The More You Know These Ants, The More You Admire Them!
RIFA aren’t all bad. They prey on garden pests like cinch bugs, flea larvae, cockroach eggs and ticks, and help to reduce compacted soil by moving and fluffing the earth as they build their mounds.
You have to admire RIFA for their ability to organize in a split second when threatened and marvel at how these social, minuscule ants, gather in massive underground colonies and build impressive mounds to protect their progeny.
The life cycle begins within 28 hours of mating, when the newly fertilized queen identifies a nesting area, sheds her wings, excavates a simple chamber, seals herself in and produces her first hatch of 10-25 eggs. In about 10 days, the larvae will hatch. The Queen feeds her firstborn with regurgitated liquids. They will develop into the sterile wingless workers at the bottom of the totem pole of RIFA hierarchy.
Their established hierarchy is quite impressive, too. The worker ants act as highly-trained bouncers, standing guard over the nest, protecting it from intruders, caring for the larvae and building additional chambers for the growing colony. These workers also forage for food to mouth-feed the Queen with regurgitated liquids and move the Queen to safety if threatened. Remarkably, a mature queen fed by her workers can lay up to 200 eggs a DAY! The mature colony can be 24 inches high, house a half-a-million workers, hundreds of winged reproductives and multiple queens, within just three years.
The reproductives are winged ants which live in the mound until the irresistible call-of-the-wild entices them to take flight. Their mission is to reproduce and once mating is accomplished, the male will soon die. The workers live just five weeks, but the queen can live up to seven years.
Fort Bend County Gains Surprising New Respect for RIFA
Hurricane Harvey brought many Houstonians a new respect and admiration for the resilience of RIFA. We can all remember seeing foreboding colonies of RIFA, held together by interlocking legs, floating along in the Bayous, and through the flood waters. Although their colonies were flooded under feet of rain and run-off water, RIFA employed a remarkable survival strategy, creating what appeared to be flotillas of small islands floating the waterways in a cooperative migration to higher dry ground.
What You Can Do
Home gardeners, you can make a real impact on the spread and growth of the RIFA in Fort Bend County. Learn about various control methods and do your part to prevent their transportation and spread into new areas.
- Take advantage of the invaluable resources of Texas A&M AgriLife Extension by visiting tamu.edu to learn the application and safety guidelines for chemical, organic and natural methods to control RIFA populations in Fort Bend County and the pros and cons of corn-based granules, and organic options including botanical insecticides.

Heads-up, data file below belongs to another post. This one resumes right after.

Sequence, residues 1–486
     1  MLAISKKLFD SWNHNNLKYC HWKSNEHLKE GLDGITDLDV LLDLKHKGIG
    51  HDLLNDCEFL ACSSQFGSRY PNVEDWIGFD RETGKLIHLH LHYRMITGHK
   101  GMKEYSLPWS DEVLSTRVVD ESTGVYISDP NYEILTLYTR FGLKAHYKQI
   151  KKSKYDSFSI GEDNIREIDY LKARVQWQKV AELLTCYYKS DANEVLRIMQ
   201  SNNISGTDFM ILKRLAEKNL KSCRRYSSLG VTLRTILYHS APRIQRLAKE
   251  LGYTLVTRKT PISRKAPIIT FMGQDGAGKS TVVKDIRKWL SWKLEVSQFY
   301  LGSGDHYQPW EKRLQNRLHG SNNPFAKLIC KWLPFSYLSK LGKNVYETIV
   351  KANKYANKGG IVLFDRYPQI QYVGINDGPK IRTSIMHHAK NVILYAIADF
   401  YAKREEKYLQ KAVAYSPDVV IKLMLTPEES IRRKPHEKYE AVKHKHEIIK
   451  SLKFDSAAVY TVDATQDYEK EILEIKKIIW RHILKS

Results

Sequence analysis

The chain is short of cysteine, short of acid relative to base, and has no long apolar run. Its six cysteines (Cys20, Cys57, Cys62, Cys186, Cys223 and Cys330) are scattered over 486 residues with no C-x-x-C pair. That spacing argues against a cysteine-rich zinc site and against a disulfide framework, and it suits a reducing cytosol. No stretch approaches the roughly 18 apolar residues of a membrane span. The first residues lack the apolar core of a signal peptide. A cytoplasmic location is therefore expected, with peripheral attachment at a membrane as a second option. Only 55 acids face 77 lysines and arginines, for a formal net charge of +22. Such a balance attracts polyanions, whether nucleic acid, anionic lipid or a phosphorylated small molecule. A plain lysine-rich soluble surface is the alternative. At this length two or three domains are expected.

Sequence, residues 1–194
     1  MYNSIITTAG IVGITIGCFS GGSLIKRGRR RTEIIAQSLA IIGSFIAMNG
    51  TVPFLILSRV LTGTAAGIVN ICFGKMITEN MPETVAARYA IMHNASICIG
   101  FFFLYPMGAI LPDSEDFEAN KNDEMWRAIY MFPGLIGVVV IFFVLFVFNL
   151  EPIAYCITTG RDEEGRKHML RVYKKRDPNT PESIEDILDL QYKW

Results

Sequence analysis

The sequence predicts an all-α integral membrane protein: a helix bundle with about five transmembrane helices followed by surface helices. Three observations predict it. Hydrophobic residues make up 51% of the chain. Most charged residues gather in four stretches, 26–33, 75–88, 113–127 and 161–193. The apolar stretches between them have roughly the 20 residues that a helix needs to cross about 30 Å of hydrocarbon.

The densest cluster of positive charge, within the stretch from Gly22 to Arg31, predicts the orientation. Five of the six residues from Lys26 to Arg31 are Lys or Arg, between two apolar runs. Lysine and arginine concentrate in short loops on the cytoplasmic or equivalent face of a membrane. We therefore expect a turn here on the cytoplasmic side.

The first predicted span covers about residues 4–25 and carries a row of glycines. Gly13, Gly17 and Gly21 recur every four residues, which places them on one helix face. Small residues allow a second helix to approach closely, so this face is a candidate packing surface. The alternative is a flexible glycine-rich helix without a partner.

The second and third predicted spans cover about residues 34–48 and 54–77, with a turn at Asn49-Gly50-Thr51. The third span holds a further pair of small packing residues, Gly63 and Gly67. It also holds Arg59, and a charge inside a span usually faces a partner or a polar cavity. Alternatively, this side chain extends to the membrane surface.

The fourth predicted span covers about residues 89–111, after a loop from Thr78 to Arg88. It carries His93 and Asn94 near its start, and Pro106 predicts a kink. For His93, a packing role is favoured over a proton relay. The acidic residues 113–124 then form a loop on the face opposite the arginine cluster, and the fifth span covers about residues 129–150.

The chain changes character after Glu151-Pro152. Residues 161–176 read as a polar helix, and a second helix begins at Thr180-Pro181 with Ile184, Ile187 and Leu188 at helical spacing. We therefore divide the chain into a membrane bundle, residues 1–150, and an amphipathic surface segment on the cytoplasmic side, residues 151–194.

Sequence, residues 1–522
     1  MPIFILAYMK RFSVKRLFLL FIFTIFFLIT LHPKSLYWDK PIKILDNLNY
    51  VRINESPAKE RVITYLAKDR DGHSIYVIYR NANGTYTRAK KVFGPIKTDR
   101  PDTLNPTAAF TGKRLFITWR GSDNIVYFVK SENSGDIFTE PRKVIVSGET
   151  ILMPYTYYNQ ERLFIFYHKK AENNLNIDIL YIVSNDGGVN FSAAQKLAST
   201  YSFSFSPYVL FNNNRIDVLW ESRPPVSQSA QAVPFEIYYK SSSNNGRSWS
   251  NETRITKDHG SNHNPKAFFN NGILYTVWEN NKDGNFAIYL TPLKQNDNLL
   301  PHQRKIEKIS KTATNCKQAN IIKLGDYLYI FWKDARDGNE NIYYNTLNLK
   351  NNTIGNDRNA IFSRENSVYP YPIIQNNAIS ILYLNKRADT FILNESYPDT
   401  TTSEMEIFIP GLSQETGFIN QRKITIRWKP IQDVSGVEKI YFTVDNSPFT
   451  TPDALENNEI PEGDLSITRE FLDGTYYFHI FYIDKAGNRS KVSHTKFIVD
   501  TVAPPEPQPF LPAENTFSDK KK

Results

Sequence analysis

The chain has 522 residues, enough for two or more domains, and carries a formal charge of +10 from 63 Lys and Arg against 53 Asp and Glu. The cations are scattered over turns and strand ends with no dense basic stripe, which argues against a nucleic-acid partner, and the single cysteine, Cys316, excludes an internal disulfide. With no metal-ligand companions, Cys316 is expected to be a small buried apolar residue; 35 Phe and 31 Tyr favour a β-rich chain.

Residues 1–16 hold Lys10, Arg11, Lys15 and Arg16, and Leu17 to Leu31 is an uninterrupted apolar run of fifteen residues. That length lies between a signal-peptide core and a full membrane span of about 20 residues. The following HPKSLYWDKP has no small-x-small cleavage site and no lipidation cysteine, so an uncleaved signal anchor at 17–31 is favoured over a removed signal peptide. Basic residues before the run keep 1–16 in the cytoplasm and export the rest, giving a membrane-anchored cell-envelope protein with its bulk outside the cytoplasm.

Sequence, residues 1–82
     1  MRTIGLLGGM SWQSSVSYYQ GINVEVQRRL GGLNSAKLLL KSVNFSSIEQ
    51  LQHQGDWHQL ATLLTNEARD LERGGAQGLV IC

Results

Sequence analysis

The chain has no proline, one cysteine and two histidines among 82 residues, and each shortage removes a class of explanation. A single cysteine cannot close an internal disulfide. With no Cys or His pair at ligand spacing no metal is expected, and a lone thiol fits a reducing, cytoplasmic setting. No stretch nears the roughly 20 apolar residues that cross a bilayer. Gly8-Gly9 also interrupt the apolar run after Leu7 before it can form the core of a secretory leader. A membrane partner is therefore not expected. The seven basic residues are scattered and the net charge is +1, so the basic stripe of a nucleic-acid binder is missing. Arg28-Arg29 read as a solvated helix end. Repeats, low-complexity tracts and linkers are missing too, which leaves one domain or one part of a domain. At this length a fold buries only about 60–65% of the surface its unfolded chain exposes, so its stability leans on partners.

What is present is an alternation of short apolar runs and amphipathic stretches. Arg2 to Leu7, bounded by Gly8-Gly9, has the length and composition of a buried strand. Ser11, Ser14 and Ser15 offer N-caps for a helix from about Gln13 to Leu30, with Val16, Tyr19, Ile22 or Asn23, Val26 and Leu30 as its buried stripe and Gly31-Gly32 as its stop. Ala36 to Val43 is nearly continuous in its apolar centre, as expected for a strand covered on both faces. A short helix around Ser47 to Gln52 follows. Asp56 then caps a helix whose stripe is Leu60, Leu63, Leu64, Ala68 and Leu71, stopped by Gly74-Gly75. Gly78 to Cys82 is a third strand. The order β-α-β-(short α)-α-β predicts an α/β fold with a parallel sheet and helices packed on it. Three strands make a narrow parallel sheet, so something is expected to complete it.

- Following local experts like Dr. Paul R Nester, Extension Program Specialist II – Houston Metro Area http://fireant.tamu.edu/controlmethods/index.php).
- Take your Momma’s advice, “Don’t offer hitchhikers a ride!” Clean your camping gear, wipe off your boots, and check firewood before moving it.
- Consider a cooperative treatment effort with your neighbors, similar to the one LSU AgCenter scientists coordinated. They treated 300 acres of contiguous properties in a Baton Rouge subdivision and reduced the RIFA population by 90% in just two years!
Bibliography of Research References
- USDA/APHIS United States Department of Agriculture-Animal and Plant Health Inspection Service, aphis.usda.gov, Jan 2, 2020 Imported Fire Ants, https://www.aphis.usda.gov/aphis/ourfocus/planthealth/plant-pest-and-disease-programs/pests-and-diseases/imported-fire-ants/ct_imported_fire_ants
- Imported Fire Ant Program Manual 2/2019 – United States Department of Agriculture, https://www.aphis.usda.gov/import_export/plants/manuals/domestic/downloads/fire_ant.pdf
- Treatment Manual – http://www.aphis.usda.gov/import_export/plants/manuals/ports/downloads/treatment.pdf
- Texas Imported Fire Ant Research and Management Project, http://fireant.tamu.edu/
- Fire Ants, Master Gardener Module ant-pests.extension.org/fire-ants-master-gardener-module/
- Dr. Paul R Nester, Extension Program Specialist II – IPM – Houston Metro Area, ant-pests.extension.org/tag/fire-ant-control-products/
- Medical Problems and Treatment Considerations of the Red Imported Ant, fireant.tamu.edu/files/2014/03/ENTO_005.pdf
- Texas Pest Ant Identification: An Illustrated Key to Common Pest Ants and Fire Ant Species, tamu.edu/files/2014/03/ENTO_001.pdf
- Fire Ant-Attacking Fly spreading rapidly in Texas. 9/2006, news.utexas.edu/2006/09/27/
- The UT at Austin Fire Ant Project – web.biosci.utexas.edu/fireant/
- Natural, Organic and Alternative Methods for Imported Fire Ant Management-Texas A&M AgriLife Extension – agrilifeextension.tamu.edu/library/landscaping/